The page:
Why Diablo 3 Is Better Without The Auction House
Last week, Blizzard announced that it will be taking down Diablo 3′s gold and Real Money Auction Houses on March 18, 2014. While the community’s response has been largely positive, it’s worth exploring how this monumental decision will effect the future of the game.
Firstly, without even factoring in Loot 2.0 — Blizzard’s promised new loot system that will result in better drops — Diablo 3′s item grind will be more fun than it is today. The Auction House currently presents you with a list of hundreds of items that are better than anything you’d expect to find as loot in a given play session, and many of which are available for affordable prices. Sure, you can grind for hours for an upgrade… or you can spend a little gold to obtain an even better upgrade immediately. Take away the Auction House, and just like that, the items you’re finding are suddenly better. Magic? No — psychology. Without a listing of easily-available, superior items as a comparison point, you perceive the items you find as more valuable — and perception is reality.
Of course, trading will still exist, from the black market websites that will sell gold or items for real money, to the legitimate forums where players will barter. But relative to the Auction House, trading will be difficult — tedious, even. The percentage of players who partake in the game’s economy will drop dramatically due to the higher barrier to entry. Gold may or may not remain a form of currency — it is still to be seen whether gems or crafting materials may replace gold as a trade currency — and if they don’t, then that barrier to entry becomes even greater, as players must learn the relative values of items or risk getting swindled.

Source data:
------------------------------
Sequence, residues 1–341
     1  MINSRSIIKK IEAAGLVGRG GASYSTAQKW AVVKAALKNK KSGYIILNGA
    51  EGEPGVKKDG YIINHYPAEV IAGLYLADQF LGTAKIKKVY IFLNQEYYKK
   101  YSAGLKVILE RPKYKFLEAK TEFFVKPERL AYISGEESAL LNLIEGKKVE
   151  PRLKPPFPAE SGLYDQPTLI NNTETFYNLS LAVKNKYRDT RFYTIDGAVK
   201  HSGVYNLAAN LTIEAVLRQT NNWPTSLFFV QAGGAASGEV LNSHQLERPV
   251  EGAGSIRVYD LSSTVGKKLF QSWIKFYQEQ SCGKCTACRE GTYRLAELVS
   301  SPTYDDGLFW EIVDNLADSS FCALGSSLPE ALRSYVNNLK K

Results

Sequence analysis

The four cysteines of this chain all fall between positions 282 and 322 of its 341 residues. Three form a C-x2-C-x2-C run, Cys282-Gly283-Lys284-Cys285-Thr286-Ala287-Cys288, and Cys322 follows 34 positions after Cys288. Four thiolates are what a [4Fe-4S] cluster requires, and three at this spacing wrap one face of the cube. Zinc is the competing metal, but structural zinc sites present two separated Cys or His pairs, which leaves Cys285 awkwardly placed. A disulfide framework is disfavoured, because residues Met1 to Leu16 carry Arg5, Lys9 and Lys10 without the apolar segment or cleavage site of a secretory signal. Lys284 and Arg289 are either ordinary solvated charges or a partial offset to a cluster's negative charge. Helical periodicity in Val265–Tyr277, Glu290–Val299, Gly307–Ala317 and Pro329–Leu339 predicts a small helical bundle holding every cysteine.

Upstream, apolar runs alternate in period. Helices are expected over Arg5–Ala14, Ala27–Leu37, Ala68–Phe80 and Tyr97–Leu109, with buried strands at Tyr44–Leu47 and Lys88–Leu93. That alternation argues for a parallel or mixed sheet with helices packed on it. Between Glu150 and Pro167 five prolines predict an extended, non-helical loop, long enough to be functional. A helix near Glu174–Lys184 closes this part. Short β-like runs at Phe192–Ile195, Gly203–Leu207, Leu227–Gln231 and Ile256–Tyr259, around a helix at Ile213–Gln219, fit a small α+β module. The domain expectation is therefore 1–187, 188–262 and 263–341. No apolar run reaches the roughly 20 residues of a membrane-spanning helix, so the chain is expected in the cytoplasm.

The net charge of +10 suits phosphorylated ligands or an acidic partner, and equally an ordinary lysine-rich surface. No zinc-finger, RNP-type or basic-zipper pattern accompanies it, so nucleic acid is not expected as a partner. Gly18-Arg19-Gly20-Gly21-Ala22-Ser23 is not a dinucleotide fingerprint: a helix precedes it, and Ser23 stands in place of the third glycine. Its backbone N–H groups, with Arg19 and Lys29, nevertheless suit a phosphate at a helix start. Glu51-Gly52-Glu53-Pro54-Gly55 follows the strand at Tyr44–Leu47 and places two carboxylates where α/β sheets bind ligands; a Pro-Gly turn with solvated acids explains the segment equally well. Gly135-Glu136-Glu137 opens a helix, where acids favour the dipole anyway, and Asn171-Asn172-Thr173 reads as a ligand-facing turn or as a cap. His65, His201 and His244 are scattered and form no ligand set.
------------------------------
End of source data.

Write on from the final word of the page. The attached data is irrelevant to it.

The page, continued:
The Auction Houses were convenient — too convenient, one might say. Without them, the economy will slow down considerably. With a less sophisticated economic system, far fewer transactions will occur on a daily basis, the market will take much longer to become saturated, and overall, people will mostly be getting items from loot drops rather than from trading. And isn’t that the way it should be?
One issue, however, is that the implementation of Loot 2.0 and subsequent elimination of the Auction House will make Diablo 3 into a completely different game. While the consensus is that it will be a better game, the fact remains that it will be different from the game millions of people have already paid for. Is it fair for Blizzard to alter a product someone has already paid for so drastically, without giving that customer the option to keep it as it was? Because there is no offline mode, players have no choice but to download the patches that will forever alter their play experience.
That said, Blizzard is willing to risk losing a few players in order to make Diablo 3 a better game. As someone who has logged more hours playing Auction House Tycoon than D3 itself, I know I will miss the Auction Houses, but it’s a concession I’m willing to accept for the greater good — a more enjoyable game experience that will bring in more players.